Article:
ArticleS. MichaelFeathers.
ProgrammingOnYourOwn [add child]

Programming On Your Own.

I’ll call him Mark. He was sixteen years old when I met him. He was the older brother of one of my daughter’s friends in elementary school and he wanted to meet me because he heard that I was a programmer.

He walked into my home office and we chatted a bit. I was impressed. The guy was working on an OS shell that he’d written himself. I showed him some code I was working on and we talked about programming, testing and design. I mentioned a few techniques and he was very clear about what worked for him and what didn’t and why he would or wouldn’t ever program in a specific way.

He was young, obsessed with programming, and entirely self-taught. Moreover, he had scars to prove it. I forget now, what techniques we discussed but I remember his strong will. When he found a way of writing software that got him into trouble, he resolved never to do it again. We planned to stay in touch, and I gave him a spare copy of Martin Fowler’s Refactoring book that I had hanging around, but I could see the path in front of him. He had a lot learning to do and a lot of unlearning, but he had passion for the work and an unbounded sense of ambition. It was invigorating just talking to him.

The fact is, I used to know a lot of guys like Mark. When I was younger, I used to hang around with a guy worked on FidoNet. He worked on it alone and he never seemed to do anything else. I’ll never forget, he had an optimization switch named full_tilt_boogie_mode in his code and he was very proud of it. I used to go over to his house with some other friends and we used to go over to his house and talk the right way to work in C. He had his quirks too. Battle scars.. things he would never do again. And, like all of us at the time, he worked alone.

I don’t know about you, but sometimes I forget just how hard programming is. I’ve gotten used to its difficulty. If you enjoy it, you don’t think about the hard work. As your skill grows, you start to have a sense of flow. Sure, you work on hard problems, but they are challenges and you enjoy finishing them. But for the beginner, it’s hard. It’s very hard. Moreover, it’s daunting once you finally understand the nature of programming, and anyone who as taught themselves programming will get it eventually: Programming is hard because it is one of the most unforgiving human activities imaginable. When you program, you can’t blame anyone else if there is a problem. And if, heaven help you, you are ambitious and you attempt a very large program yourself, after a month or so you’ll see the blind alleys, the places where your mistakes glow through the crevices and you’ll know it was you. Programming is a giant mirror. It shows us our limitations. It shows us the way that we are rather than the way that we should be. Look at the code you wrote six months ago. It’s a part of you, your thoughts crystallized.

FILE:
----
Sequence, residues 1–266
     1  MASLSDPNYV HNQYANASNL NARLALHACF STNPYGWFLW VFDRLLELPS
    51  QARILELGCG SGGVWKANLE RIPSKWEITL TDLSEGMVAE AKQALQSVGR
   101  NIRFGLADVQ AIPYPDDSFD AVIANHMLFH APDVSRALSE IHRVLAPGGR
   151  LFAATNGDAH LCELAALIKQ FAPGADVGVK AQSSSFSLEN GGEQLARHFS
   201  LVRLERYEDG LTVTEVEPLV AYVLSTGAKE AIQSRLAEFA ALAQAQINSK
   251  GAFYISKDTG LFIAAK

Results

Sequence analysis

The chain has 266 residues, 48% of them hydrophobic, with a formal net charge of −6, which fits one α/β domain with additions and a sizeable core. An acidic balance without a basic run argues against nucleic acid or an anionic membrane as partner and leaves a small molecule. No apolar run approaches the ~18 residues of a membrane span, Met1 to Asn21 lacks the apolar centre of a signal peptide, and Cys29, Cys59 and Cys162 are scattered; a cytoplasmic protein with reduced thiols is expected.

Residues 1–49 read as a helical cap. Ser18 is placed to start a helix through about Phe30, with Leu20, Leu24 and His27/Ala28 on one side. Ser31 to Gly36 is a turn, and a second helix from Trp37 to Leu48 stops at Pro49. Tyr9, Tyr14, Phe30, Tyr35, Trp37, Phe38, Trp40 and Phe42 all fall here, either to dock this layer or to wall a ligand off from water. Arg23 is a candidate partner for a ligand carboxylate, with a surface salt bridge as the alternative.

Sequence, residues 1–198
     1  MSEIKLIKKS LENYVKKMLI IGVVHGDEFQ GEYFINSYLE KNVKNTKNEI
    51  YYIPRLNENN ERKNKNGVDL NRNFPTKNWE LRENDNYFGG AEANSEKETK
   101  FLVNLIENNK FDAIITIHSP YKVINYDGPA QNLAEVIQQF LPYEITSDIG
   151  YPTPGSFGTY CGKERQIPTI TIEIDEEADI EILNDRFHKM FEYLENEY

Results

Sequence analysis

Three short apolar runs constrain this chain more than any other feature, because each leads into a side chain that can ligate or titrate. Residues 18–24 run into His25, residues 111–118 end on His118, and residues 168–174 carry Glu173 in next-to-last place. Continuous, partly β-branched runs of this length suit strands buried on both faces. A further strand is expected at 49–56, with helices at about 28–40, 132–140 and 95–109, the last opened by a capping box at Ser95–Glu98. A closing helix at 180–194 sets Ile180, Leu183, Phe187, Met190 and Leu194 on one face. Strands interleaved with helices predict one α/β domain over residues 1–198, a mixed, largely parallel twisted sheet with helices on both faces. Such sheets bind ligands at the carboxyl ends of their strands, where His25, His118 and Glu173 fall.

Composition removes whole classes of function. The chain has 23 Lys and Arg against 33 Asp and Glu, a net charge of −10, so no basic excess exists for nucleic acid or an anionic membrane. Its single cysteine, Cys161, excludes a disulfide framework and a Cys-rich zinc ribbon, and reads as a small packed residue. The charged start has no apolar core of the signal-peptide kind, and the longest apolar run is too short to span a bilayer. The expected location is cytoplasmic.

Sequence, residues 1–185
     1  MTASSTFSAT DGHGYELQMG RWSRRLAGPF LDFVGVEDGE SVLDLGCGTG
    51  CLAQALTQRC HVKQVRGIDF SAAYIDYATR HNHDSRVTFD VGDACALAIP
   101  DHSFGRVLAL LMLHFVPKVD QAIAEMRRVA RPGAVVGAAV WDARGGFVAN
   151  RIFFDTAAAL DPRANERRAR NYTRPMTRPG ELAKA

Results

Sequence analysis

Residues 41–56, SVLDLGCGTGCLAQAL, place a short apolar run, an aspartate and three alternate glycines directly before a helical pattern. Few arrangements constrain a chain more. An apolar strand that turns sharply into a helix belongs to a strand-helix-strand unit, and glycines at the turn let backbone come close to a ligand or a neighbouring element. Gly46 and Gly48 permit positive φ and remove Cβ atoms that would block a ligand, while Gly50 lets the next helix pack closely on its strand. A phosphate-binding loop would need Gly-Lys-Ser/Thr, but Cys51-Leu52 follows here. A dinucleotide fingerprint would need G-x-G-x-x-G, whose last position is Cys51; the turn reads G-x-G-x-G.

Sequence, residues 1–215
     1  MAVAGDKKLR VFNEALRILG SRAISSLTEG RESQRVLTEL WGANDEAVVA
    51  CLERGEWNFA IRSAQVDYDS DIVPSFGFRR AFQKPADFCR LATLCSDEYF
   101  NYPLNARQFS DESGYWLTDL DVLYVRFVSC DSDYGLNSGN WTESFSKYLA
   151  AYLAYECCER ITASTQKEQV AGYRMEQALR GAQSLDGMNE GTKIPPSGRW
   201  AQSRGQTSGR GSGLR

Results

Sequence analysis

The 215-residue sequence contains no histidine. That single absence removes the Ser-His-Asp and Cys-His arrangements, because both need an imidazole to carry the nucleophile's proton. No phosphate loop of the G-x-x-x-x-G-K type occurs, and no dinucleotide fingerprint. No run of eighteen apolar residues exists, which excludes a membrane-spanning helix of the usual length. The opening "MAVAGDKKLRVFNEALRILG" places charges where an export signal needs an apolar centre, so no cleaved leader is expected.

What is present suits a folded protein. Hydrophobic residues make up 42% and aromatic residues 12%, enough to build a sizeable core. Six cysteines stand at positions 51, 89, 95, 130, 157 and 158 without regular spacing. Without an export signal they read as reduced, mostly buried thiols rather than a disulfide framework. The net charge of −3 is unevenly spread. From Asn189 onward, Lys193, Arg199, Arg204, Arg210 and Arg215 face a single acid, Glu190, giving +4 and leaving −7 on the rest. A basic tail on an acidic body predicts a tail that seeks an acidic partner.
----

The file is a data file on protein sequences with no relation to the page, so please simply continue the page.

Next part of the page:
If we know this, it’s easy to understand why some young programmers get nearly neurotic about their practices. They paint themselves into wicked corners and then they analyze. They try to figure out they did that made it all go bad. When they think they have the answer they resolve never to do it again. It’s a painful process, and there is the danger of going too far, throwing the baby out with the bathwater. But I think it’s a useful exercise. Often we only resolve to get better when we know what the stakes are, and when we know that we are fallible.

One of the hallmarks of agile practice is collective code ownership. Programmers work together on projects and there is no “my code” and “your code.” It’s all “our code.” With many teams I see it work out well. Other teams struggle to avoid the tragedy of the commons. In the latter cases, the culprit usually team culture and organizational culture, but I also notice that there are some people who just aren’t quite ready for collective code ownership. They haven’t had the feedback that a personal code base provides. A good supportive team can bring beginners into the fold and help them grow their skill, but, well, maybe I’m being a hard-ass. I think that somewhere, someplace - in school, or on their own, programmers need to spend some time, early in their career, working by themselves, so that they can confront the challenges of the work and build that personal feedback loop. As programmers, we need to fail on our own, abjectly a few times to know that we can. We need to struggle with practice and learn a few rules too well, and then give ourselves a chance to unlearn them.